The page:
Romance is Killing Love
Romanticism was an era of love that started in the mid 1700s and has prevailed through to modern times. What started off as a way to rebel against “strategic marriages” has now conquered the world and weaved its way through every mainstream representation of love ever. And while that’s not necessarily a bad thing, perhaps it’s our obsession with it that’s ruining the way we love. So without further ado, here are some ways romanticism is killing love...
It makes us stubbornly picky
Romanticism tells us that the moment we meet the one, we’re supposed to feel butterflies; we’re meant to have tunnel vision and only see that person (preferably with an angelic glow surrounding them). It is because of this that way too many of us don’t give people the chance they deserve. We think if we don’t have butterflies the moment they look at us, they’re not worth our time. Truth be told, that feeling we’re supposed to have can grow over time, we’re just not patient enough to wait for it.
It gives us unrealistic expectations
In the era we live in, we’re expected to live out our full lives, with jobs, families, friends, and hobbies, and still somehow keep the romance within our relationships alive indefinitely. We’re expected to have the same initial passion, adoration, and affection for our partner years on, even though familiarity and monotony set us up to fail.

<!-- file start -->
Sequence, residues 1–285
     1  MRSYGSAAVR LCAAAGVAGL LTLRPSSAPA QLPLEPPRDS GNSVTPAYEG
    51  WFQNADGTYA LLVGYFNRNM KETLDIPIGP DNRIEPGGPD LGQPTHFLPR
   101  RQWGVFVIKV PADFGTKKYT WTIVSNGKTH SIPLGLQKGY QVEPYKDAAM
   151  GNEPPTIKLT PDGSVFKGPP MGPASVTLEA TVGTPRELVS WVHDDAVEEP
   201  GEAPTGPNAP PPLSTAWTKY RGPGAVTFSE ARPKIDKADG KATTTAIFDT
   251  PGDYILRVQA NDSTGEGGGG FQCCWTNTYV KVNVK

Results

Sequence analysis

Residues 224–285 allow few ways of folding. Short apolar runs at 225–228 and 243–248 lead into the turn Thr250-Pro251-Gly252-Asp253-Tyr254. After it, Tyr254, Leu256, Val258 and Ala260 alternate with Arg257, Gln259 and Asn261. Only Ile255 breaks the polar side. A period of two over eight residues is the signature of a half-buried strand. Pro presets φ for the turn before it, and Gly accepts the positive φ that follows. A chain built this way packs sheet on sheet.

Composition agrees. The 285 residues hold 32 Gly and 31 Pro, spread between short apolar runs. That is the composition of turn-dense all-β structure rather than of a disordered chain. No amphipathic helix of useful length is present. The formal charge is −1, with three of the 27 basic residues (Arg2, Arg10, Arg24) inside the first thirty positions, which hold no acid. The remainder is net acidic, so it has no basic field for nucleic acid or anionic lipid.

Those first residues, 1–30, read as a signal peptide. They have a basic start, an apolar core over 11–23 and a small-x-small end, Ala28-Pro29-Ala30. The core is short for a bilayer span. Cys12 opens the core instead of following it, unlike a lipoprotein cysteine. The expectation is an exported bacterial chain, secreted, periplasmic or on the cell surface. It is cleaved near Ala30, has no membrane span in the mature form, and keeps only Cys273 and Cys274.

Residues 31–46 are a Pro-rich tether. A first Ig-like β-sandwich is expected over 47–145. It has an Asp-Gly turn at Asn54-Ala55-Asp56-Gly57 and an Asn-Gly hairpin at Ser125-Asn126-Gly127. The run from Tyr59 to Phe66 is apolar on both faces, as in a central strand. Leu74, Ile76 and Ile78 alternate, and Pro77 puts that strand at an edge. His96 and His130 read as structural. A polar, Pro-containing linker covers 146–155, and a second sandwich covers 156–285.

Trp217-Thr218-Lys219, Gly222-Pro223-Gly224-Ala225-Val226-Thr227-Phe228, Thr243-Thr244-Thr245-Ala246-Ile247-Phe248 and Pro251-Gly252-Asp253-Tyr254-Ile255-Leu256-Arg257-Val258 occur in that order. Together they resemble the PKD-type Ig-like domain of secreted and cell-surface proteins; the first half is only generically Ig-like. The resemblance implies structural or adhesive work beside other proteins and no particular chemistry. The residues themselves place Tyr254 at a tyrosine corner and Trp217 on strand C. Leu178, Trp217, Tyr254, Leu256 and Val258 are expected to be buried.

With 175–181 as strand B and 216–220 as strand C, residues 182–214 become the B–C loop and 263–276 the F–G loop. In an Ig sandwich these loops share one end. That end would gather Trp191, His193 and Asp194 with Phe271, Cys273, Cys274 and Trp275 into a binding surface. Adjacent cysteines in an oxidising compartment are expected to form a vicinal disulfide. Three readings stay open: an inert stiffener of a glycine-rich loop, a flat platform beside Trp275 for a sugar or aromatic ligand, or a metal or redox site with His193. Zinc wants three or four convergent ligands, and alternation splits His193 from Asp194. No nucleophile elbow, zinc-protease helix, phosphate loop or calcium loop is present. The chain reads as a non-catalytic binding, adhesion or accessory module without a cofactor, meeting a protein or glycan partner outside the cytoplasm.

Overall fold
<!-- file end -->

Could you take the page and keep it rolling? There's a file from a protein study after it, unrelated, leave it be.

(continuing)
It suggests only one way to love
We live in an immensely diverse world with an infinite amount of cultures, personalities, and even definitions of love, yet we all seem to subscribe to one view of how love should be. We’re all blindly guided by this “universal” romantic blueprint of what emotions to have, what aspects of a relationship to value, what to tolerate, and when to leave. All this despite the fact that we all live our lives in various, sometimes non-coherent ways.
It’s overly optimistic and leaves no room for error
According to romanticism, long term relationships are supposed to have the excitement and passion of a new romance and it should be easy to keep that spark alive. It leaves no room for reality and no room for disappointment, even though the ultimate truth is that love is messy. Romanticism tells us that we don’t have to learn how to love, that it should come to us instinctively if we just follow our feelings. As a matter of fact however, love is a language; a crazy science project filled with hypotheses and trial and error.
For the sake of love, we need to loosen our grip on Romanticism and realise that finding love, getting love and being in love are all very messy things that cannot possibly live up to our crazy expectations. Once we acknowledge this, we will learn to love better and be loved better.